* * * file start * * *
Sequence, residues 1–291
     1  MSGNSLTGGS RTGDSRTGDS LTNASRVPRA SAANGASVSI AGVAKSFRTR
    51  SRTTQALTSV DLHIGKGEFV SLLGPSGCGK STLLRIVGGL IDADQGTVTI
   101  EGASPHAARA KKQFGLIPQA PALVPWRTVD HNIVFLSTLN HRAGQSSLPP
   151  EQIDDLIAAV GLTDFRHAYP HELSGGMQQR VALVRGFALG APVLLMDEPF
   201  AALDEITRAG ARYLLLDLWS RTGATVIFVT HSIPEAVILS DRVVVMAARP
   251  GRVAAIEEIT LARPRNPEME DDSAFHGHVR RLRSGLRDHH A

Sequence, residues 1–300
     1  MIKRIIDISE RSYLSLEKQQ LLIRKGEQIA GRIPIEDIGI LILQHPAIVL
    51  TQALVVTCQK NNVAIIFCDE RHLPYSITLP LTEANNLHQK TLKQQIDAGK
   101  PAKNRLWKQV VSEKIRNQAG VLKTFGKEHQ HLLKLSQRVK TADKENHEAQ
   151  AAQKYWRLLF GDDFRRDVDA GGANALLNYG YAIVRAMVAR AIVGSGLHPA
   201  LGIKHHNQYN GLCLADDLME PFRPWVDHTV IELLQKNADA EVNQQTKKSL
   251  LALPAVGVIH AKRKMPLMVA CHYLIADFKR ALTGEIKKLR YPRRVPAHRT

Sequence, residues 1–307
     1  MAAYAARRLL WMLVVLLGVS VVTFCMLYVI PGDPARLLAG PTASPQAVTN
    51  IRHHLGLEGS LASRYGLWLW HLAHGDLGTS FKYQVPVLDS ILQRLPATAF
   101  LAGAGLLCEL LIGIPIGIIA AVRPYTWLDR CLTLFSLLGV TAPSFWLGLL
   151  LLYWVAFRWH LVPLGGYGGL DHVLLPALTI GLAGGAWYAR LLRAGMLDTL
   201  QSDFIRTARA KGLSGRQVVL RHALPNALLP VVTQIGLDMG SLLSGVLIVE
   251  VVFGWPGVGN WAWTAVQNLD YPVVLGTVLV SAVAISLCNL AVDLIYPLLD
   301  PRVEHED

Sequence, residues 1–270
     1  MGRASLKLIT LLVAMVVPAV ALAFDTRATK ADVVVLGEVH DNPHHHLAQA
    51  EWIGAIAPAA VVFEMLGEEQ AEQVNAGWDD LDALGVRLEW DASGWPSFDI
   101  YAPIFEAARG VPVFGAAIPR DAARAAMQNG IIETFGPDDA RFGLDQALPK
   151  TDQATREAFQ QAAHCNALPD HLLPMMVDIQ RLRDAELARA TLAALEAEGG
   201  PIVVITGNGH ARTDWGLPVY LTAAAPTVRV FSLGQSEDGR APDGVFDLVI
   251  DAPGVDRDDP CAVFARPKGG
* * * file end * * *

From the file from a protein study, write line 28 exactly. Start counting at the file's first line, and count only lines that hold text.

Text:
   201  PIVVITGNGH ARTDWGLPVY LTAAAPTVRV FSLGQSEDGR APDGVFDLVI